Writing it out

I started writing this post yesterday.  And this was as far as I got:

Book Dos is aching inside of me.  Small bits are forming on the page, but every day something stops me.  It feels like I’m missing a piece of the main character; like I’m running into a wall I can’t bust through.  I keep coming back to this one scene in my head – the one I’m terrified to write.  And maybe that is my problem.  Maybe the thing that is scaring me most is the thing I have to write RIGHT NOW.

I’ve solved a lot of problems with writing.  Working it out on the page always seems to help. And little epiphanies like this occur all the time – realizations I would have never gotten to had I not written it out.

And yet.  I’m still surprised when it happens.

Cover of "Before Sunset"

Cover of Before Sunset

There’s this movie I love called Before Sunset.  You might have seen Before SunriseBefore Sunset was the sequel, written and produced almost ten years after the original.  In this movie, one of the main characters, Celine, talks about her cat:

“You know what I love about this cat?  It’s that … every morning, I bring him down to the courtyard, and every single morning he looks at everything like it was the first time.  Every corner, every tree, every plant.  He smells everything with is little cute nose.”

I feel like this cat.  (Minus the cute nose.)

Every time something occurs to me through writing, every time a sentence works out the way it should, or I solve a problem with the dialogue or story line, or a character suddenly reveals themselves to me, a sweet rush of awe fills my veins.

It’s amazing.

Every. Time.

So. Now I have my answer.

I have to write the scene I fear the most.  The scene that takes the main character on this journey.  The scene that starts it all.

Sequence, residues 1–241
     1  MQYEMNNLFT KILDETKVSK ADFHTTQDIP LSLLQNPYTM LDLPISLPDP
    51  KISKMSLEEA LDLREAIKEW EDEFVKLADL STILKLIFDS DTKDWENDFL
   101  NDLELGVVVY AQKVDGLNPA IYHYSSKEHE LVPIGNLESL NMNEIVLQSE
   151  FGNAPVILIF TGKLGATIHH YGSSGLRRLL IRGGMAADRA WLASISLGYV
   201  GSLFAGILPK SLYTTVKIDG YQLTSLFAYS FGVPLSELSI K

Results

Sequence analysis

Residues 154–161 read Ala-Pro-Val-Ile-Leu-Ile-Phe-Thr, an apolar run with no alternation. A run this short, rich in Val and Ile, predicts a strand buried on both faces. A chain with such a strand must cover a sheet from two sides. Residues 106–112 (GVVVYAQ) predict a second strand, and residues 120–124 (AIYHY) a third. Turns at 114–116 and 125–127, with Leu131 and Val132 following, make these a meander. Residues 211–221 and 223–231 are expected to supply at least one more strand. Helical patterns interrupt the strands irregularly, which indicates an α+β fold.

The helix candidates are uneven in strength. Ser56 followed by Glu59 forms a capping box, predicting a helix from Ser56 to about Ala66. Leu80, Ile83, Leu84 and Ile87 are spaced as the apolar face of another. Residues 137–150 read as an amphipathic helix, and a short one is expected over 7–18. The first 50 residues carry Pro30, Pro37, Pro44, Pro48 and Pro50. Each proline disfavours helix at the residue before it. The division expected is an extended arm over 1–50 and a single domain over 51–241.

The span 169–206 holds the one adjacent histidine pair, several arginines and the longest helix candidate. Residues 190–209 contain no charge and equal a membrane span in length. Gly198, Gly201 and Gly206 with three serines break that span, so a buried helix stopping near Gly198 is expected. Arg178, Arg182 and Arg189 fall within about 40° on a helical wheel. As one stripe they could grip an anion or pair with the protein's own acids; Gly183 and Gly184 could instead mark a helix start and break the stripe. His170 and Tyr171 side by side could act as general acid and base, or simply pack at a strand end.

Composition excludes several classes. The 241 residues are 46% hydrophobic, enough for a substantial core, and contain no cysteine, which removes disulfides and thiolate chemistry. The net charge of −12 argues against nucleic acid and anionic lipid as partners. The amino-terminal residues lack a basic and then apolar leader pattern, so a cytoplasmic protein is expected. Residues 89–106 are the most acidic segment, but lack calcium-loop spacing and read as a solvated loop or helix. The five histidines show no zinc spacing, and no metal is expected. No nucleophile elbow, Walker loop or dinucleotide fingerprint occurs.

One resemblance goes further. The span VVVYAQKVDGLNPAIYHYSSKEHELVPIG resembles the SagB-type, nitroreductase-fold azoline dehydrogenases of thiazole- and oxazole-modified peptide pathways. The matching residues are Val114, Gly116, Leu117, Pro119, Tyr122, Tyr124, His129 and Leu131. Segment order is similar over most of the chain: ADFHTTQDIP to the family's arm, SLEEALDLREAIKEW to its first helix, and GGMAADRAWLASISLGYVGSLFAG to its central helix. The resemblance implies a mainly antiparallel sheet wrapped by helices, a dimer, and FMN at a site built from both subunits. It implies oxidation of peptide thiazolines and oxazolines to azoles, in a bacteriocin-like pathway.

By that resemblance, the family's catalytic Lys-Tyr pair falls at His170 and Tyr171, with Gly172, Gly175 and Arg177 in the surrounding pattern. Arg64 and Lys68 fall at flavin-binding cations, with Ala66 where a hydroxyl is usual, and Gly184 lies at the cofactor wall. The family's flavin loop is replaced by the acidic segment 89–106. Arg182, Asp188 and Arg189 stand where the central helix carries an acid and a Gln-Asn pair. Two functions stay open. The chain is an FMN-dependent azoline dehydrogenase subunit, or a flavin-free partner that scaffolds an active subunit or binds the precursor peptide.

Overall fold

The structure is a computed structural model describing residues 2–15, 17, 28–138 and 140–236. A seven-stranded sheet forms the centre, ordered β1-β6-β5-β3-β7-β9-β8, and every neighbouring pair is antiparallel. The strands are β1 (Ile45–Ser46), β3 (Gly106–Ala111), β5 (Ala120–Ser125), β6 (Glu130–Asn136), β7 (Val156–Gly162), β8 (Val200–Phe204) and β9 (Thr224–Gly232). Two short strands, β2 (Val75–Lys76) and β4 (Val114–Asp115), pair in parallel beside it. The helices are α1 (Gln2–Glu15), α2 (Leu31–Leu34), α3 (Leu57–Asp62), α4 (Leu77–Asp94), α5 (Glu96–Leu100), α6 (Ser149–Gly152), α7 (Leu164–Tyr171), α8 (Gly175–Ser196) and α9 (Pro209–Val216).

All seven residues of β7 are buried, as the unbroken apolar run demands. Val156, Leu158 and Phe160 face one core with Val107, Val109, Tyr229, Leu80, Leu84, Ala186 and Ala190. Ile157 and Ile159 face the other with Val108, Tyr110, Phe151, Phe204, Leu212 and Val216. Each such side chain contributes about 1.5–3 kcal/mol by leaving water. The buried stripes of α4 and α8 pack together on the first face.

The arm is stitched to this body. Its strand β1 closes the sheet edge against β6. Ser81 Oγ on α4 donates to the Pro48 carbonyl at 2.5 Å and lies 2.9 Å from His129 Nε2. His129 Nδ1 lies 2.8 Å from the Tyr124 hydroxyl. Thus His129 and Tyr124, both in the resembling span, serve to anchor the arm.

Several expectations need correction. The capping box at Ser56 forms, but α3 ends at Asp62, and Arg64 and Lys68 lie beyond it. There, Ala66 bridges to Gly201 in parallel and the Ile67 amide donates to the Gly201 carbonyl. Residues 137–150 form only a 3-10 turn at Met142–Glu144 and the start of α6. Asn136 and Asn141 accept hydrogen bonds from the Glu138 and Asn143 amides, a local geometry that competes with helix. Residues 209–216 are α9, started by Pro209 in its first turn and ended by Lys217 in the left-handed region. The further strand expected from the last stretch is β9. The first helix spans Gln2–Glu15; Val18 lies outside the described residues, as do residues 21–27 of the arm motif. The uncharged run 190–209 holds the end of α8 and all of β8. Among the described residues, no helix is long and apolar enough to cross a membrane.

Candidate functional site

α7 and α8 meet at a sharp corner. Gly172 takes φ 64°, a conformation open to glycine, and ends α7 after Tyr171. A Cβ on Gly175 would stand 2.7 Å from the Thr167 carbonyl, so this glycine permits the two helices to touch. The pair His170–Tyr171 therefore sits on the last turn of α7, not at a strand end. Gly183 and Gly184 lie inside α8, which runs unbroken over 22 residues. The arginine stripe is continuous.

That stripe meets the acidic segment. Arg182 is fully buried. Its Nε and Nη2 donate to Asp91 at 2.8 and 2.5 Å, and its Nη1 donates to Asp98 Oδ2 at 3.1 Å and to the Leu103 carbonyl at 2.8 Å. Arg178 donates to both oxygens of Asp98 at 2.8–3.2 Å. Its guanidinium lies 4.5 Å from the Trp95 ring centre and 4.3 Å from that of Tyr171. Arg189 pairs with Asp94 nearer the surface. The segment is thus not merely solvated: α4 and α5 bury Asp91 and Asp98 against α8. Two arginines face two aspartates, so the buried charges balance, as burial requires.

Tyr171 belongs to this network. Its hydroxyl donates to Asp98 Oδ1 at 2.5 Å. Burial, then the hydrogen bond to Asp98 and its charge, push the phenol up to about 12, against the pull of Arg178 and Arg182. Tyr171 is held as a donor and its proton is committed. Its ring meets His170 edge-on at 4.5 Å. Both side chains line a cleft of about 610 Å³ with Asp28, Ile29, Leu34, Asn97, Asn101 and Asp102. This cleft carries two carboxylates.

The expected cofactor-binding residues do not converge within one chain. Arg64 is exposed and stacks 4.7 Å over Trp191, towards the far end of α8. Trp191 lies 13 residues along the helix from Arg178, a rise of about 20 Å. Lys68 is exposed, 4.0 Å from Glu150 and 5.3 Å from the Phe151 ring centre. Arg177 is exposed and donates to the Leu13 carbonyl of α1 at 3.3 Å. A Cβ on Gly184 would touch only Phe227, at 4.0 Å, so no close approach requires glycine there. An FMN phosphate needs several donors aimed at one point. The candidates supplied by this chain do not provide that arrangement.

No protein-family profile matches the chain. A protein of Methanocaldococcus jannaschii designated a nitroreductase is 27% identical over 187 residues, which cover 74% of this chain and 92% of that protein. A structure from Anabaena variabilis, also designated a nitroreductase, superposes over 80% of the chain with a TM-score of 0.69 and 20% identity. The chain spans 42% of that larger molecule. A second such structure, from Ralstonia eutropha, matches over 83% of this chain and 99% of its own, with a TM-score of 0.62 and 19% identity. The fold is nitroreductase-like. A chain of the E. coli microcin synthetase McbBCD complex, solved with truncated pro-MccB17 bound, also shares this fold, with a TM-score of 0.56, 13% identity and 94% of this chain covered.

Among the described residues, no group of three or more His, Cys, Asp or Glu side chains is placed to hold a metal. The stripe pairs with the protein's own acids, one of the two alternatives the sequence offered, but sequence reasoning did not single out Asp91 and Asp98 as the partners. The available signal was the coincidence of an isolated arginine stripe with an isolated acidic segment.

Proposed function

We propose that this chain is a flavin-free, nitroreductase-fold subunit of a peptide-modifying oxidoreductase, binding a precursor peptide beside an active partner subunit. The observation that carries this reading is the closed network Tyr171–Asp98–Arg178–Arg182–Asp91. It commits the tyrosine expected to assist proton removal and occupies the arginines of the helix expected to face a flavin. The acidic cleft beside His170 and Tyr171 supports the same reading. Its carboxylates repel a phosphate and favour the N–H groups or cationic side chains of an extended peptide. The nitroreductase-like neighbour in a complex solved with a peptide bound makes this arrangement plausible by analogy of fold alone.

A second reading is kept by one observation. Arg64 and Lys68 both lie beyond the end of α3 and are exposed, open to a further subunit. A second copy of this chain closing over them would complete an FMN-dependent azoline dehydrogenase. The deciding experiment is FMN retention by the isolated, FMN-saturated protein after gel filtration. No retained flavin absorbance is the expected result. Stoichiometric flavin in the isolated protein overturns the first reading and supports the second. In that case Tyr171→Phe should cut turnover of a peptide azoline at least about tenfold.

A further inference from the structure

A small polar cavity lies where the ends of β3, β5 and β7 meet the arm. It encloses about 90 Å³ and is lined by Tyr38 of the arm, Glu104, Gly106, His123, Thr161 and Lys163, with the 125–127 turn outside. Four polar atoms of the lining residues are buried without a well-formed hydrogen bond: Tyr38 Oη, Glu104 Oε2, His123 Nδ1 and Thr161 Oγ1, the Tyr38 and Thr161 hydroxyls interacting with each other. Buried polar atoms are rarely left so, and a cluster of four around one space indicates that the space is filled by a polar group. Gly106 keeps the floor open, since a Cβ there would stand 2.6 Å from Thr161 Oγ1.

The rape scene.

Just typing it hurts.

I don’t know yet if this scene will be a part of the manuscript.  But it is an essential part of the protagonist’s back story.  And it has to be done.  I have to go through it with the main character.  I have to be there with her, and experience it.

And then, together, maybe we can move on.

Wish me luck. I’m going to need it.

Leave a comment


  1. Great post! I love the comparison between your feelings about writing and the way the cat sees the world…and who said your nose isn’t cute?!

  2. Kim

     /  December 9, 2012

    Comparing noses between me and the cat – cat wins every time. Hands down.

  3. Kim, hugs! We feel our characters pain so deep, and we have to if we’re to make our readers feel it too. But it hurts.

  4. cristina

     /  April 26, 2013

    frik…i feel that revealing your truths through characters can require more courage than even going through anything like that…because this is an option…and your opting to put yourself out there like that for anyone to see…all raw and stuff…just like here it is…take it or take it…and you have no idea how impactful that can be on your audience…well you probably do, having been an audience of something that has had a profound effect on you…you have so much power kimpossible…AND your nose is just as cute as a cat’s…especially when you scrunch it up from a laugh…for realz, yo :)-

  1. The Rape Scene « I am a writer … dangit.

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